• C. Arango
  • Psychology, Medicine
    Evidence Based Mental Health
  • 2011
TLDR
It seems unexpected that, despite the lower relapse rate, the main reason for the clinical use of depot medication does not seem to improve in depot-treated patients, and a large RCT with stable outpatients who are assigned to either an oral or depot form of the same antipsychotic with blinded raters is needed in future studies.
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References

SHOWING 1-10 OF 49 REFERENCES
Systematic meta-review of depot antipsychotic drugs for people with schizophrenia
Background Long-acting depot antipsychotic medication is a widely used treatment for schizophrenia. Aims To synthesise relevant systematic Cochrane reviews. Method The Cochrane Database was searched
Depot risperidone for schizophrenia.
TLDR
There is no reliable data to support the claim that depot risperidone is beneficial for people with schizophrenia, and for reasonably well, stable people it may mean that the need for regular oral doses can be avoided, but adverse affects are not well reported.
Relapse Prevention in Schizophrenia and Schizoaffective Disorder with Risperidone Long-Acting Injectable vs Quetiapine: Results of a Long-Term, Open-Label, Randomized Clinical Trial
TLDR
Time-to-relapse in stable patients with schizophrenia or schizoaffective disorder was significantly longer in patients randomized to RLAI compared with those randomized to oral quetiapine, and both antipsychotics were generally well tolerated.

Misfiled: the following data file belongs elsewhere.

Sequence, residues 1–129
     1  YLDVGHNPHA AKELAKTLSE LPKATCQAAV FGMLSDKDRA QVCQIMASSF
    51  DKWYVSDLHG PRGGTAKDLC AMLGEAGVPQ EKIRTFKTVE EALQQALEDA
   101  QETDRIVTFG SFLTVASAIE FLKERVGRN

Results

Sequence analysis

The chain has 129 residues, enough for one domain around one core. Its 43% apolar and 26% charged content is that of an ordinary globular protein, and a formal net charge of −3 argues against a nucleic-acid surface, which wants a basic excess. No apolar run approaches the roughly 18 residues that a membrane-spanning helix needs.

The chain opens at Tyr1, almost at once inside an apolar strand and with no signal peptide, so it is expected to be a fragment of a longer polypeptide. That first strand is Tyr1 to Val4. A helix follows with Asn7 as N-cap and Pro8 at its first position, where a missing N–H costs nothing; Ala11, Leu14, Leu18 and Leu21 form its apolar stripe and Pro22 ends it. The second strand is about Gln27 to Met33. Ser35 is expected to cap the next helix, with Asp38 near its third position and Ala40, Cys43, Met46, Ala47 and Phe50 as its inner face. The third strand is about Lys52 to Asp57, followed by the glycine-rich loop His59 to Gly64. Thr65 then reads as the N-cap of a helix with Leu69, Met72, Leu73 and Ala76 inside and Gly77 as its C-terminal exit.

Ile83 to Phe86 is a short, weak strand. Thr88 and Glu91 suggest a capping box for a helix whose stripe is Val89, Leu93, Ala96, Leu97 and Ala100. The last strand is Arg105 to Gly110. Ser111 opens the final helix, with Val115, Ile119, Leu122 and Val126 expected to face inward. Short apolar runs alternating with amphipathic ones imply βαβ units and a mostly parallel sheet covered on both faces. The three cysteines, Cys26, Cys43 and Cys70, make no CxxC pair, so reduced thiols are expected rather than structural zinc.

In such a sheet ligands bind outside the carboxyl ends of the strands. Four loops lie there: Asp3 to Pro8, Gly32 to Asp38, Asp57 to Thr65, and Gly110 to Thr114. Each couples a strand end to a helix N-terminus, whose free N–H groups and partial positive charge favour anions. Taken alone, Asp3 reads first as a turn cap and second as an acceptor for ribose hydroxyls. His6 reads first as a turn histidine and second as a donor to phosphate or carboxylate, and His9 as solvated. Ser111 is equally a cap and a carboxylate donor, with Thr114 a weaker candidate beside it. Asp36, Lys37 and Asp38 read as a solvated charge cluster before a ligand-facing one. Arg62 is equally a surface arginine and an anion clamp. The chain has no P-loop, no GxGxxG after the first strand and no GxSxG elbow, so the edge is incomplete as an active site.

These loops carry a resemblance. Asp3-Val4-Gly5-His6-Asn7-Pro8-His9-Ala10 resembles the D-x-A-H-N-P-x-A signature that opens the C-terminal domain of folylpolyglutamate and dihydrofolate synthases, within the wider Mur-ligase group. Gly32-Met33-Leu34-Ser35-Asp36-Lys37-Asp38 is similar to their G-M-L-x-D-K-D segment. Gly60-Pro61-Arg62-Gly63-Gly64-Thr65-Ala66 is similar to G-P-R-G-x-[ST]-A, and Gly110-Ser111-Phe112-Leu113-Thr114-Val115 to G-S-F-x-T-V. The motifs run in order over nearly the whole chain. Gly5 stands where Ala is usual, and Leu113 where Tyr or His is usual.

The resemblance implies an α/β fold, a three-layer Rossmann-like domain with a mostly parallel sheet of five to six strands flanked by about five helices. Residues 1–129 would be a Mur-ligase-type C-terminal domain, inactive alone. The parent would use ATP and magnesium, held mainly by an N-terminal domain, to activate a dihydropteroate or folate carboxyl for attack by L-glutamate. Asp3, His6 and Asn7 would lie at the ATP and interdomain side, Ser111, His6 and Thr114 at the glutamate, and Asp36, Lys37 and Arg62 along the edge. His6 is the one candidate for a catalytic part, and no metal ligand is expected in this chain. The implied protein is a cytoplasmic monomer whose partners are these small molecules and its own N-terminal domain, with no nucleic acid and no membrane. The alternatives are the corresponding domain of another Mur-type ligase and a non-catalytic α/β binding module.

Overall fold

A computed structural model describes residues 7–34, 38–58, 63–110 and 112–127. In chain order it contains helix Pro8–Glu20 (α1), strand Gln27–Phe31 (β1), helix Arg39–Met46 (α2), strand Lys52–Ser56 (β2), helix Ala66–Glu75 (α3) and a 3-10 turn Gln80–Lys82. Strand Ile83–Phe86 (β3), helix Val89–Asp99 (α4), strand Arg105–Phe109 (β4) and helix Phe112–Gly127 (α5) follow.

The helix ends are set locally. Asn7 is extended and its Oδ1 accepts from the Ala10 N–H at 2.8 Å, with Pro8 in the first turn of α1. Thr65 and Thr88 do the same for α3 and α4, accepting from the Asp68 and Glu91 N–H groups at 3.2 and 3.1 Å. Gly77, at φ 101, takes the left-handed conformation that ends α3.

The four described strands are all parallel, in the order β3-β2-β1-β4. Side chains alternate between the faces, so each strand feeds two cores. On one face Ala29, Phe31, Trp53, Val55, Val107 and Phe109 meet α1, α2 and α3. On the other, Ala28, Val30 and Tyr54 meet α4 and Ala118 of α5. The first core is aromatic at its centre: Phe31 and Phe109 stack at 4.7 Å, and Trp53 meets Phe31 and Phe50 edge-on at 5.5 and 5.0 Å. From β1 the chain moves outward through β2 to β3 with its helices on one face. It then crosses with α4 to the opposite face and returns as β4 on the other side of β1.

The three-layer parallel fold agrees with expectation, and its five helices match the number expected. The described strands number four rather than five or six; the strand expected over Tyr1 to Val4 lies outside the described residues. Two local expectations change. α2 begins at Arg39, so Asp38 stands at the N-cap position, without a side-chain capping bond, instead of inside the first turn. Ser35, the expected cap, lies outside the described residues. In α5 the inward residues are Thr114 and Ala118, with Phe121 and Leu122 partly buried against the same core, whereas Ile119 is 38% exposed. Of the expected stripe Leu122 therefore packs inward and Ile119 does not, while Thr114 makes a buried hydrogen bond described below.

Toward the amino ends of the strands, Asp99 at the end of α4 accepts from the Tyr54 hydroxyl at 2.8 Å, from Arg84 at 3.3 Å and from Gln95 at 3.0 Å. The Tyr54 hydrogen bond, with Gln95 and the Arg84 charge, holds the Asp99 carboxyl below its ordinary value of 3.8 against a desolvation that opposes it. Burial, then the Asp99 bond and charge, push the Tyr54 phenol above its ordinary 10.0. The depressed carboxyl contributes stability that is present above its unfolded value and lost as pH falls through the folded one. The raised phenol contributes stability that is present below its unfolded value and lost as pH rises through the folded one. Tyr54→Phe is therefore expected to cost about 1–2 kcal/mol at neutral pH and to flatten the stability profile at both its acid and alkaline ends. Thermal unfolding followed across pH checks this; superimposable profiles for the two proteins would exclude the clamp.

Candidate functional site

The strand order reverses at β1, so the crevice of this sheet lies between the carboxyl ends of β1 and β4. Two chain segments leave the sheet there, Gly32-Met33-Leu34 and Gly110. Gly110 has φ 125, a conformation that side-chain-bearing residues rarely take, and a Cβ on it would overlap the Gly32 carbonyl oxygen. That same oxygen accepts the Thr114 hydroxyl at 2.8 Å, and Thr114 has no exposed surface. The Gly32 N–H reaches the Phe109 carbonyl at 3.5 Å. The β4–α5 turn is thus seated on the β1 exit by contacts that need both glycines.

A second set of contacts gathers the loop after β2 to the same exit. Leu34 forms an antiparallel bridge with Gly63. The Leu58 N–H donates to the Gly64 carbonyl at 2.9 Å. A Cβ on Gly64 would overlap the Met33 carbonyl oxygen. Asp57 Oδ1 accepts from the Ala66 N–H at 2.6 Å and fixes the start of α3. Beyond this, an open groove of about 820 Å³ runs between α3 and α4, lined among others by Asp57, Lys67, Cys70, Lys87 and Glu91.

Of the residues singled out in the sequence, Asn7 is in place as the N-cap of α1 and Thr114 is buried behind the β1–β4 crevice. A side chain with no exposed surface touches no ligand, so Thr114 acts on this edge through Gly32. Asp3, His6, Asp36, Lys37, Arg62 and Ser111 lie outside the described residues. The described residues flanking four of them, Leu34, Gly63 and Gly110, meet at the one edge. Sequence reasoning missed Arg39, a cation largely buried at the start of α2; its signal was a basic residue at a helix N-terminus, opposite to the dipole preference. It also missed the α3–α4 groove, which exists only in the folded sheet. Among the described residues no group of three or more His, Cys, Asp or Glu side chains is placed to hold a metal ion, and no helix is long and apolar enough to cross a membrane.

Effectiveness of paroxetine in the treatment of acute major depression in adults: a systematic re-examination of published and unpublished data from randomized trials
TLDR
Among adults with moderate to severe major depression in the clinical trials the authors reviewed, paroxetine was not superior to placebo in terms of overall treatment effectiveness and acceptability.
Depot fluspirilene for schizophrenia.
TLDR
There are no convincing data showing fluspirilene decanoate's advantage over oral chlorpromazine or other depot antipsychotic preparations for people with schizophrenia in terms of clinical, social and economic outcomes and well-conducted and reported randomised trials are still needed to inform practice.
A meta-analysis of head-to-head comparisons of second-generation antipsychotics in the treatment of schizophrenia.
TLDR
The findings suggest that some second-generation antipsychotics may be somewhat more efficacious than others, but the limitations of meta-analysis must be considered in tailoring drug treatment to the individual patient.
Depot haloperidol decanoate for schizophrenia.
TLDR
Haloperidol decanoate may have a substantial effect in improving the symptoms and behaviour associated with schizophrenia in comparison to placebo, but data are remarkably sparse.
Depot pipotiazine palmitate and undecylenate for schizophrenia.
TLDR
P pipotiazine palmitate was consistently equivalent to other depots in terms of a range of outcomes, including global impression and behaviour, and there was no reported difference in adverse effects such as tardive dyskinesia or the need for anticholinergic drugs.
Depot flupenthixol decanoate for schizophrenia or other similar psychotic disorders.
TLDR
There is nothing to choose between flupenthixol decanoate and other depot antipsychotic drugs, and the choice of which depot to use must therefore be based on clinical judgement and the preferences of people with schizophrenia and their carers.